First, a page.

Wells Fargo & Co., which makes one out of every five U.S. home mortgages, is laying off 356 people from its home mortgage division across the country as rising interest rates cut into refinance activity.
The cuts include 34 people in Minneapolis and 58 in Des Moines, where the bank’s home mortgage division is based. All employees were notified last week, the company confirmed Monday.
About 8,500 of Wells Fargo’s nearly 20,000 employees in Minnesota work in its home mortgage division.
The trims come as mortgage lenders wrestle with rising interest rates and a shifting landscape for home loans. Long-term rates, including those on home loans, have risen in reaction to Fed Chairman Ben Bernanke’s hints that the Federal Reserve will pull back on the massive $85 billion a month bond buying program it has been running to hold rates down and stimulate the economy.
The average rate on a 30-year fixed rate mortgage Monday was about 4.35 percent, according to BankRate.com. Two months ago it was about 3.7 percent.
The surge nicked the San Francisco-based lender’s second-quarter profits of $5.52 billion, with its mortgage banking income sliding 3 percent from last year. While Wells Fargo executives were bullish about the country’s improving housing market during an earnings call with industry analysts, they warned about coming declines in mortgage refinance volumes.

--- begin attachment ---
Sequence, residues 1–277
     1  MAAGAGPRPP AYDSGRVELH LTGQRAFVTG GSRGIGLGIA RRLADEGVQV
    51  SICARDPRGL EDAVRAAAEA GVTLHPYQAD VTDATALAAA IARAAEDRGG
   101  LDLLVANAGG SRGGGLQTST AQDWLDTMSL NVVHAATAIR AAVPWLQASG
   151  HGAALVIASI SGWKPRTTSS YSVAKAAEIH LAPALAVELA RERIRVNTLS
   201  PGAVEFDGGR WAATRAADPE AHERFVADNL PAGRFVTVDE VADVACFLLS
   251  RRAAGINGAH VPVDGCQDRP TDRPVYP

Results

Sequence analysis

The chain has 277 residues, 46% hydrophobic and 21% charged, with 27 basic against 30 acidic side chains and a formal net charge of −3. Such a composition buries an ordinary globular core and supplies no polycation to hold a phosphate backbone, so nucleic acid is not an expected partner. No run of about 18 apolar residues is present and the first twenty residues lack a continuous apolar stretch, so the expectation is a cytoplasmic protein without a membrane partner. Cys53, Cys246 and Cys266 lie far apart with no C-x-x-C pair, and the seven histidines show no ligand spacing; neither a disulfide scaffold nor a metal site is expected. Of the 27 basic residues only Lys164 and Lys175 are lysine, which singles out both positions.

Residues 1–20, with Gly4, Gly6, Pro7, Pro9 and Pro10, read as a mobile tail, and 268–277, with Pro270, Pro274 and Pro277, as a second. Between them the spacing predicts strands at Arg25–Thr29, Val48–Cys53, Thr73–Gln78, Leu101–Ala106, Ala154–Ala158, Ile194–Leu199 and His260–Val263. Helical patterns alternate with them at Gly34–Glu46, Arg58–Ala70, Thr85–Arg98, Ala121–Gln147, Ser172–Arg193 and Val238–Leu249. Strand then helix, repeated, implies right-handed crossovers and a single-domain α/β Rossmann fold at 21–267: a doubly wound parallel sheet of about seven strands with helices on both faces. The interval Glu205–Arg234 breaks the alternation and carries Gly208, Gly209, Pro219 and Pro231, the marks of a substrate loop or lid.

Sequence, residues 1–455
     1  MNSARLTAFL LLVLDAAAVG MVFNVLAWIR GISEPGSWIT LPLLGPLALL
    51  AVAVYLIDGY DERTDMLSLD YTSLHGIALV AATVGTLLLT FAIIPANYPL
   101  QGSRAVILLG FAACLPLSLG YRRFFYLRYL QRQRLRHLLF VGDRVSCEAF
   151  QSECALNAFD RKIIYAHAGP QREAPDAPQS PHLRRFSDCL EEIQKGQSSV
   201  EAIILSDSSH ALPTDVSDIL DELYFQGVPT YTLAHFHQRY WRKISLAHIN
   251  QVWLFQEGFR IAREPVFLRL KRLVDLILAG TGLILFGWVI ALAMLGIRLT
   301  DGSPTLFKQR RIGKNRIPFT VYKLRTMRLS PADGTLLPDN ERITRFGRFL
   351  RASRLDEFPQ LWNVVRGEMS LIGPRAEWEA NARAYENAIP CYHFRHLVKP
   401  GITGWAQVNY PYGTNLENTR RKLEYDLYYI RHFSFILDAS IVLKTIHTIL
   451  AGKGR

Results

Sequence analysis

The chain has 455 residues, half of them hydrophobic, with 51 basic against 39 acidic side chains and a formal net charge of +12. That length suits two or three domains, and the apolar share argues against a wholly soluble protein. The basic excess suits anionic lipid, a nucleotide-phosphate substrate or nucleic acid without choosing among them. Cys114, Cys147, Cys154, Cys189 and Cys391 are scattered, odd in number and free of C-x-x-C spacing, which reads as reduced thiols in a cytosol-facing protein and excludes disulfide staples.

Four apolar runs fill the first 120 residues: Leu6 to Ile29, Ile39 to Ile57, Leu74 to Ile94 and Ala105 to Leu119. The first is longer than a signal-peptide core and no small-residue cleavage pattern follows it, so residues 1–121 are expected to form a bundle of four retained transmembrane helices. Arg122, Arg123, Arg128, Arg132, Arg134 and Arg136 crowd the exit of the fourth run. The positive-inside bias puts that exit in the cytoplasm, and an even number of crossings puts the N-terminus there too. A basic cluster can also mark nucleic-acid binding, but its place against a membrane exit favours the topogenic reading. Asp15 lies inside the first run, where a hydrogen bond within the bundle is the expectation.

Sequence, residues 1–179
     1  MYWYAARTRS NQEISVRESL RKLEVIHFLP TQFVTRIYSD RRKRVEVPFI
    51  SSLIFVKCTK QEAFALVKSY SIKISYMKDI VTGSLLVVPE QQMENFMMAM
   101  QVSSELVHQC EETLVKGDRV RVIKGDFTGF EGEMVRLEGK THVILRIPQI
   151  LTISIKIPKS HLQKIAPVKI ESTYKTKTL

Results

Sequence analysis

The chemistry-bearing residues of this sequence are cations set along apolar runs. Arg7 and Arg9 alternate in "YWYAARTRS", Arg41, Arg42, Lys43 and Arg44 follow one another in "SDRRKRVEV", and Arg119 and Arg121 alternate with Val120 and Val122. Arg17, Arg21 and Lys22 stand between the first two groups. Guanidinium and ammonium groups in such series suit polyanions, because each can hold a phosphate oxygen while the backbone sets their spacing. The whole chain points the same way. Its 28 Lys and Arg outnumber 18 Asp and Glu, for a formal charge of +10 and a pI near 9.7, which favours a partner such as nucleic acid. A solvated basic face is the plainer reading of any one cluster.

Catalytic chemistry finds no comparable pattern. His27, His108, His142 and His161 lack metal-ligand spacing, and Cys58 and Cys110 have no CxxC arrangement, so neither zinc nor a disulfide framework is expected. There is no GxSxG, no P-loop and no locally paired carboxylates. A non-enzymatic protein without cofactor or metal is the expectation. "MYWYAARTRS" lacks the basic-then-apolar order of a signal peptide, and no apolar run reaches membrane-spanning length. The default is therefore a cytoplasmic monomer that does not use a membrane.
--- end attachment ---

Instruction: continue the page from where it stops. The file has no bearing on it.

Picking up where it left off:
Guy Cecala, CEO and publisher of Inside Mortgage Finance, said his best guess is that refi volumes will probably drop about 30 percent with home purchase volumes rising about 20 percent, translating into an 18 percent decline in total mortgage originations in the second half of the year.
“A lot depends on what happens to mortgage rates, but the recent (last week) drop in rates suggests that the big jump in rates we saw in June may not hold up or necessarily signal further increases in the short term,” Cecala said in an e-mail.
A Wells Fargo Home Mortgage spokeswoman on Monday said mortgage rates remain low by historical standards but the appetite for mortgage refinancings has slowed from 2012.
“After evaluating the current market and our business needs, we are reducing staff to better align and increase the efficiency of our loan processing centers,” Vickee Adams said in a statement.
Adams said the company is trying to find other jobs at Wells Fargo for the affected employees.
The staffing trims come even as the San Francisco-based bank builds up other areas of its mortgage operation. In April, Wells Fargo broke ground on a $100 million addition to its mortgage campus in West Des Moines called the Jordan Creek Campus.
The addition is slated to be complete in two years and will have enough room to house about 1,800 workers.
In Minneapolis, Wells Fargo is expected to be the owner and main tenant of two new office towers in the works as part of a $400 million development next to the new Vikings stadium, but the company hasn’t yet made a public commitment.
But the bank is not alone in paring back refinancing operations. On July 15, Citigroup announced it was closing a facility in Danville, Ill., that opened in January of last year, affecting about 120 employees.
“The Danville facility was originally established to handle the surge in demand for refinancing; however, due to the ongoing decline in refinance volumes, the excess capacity Danville provided is no longer needed,” the company said in a statement.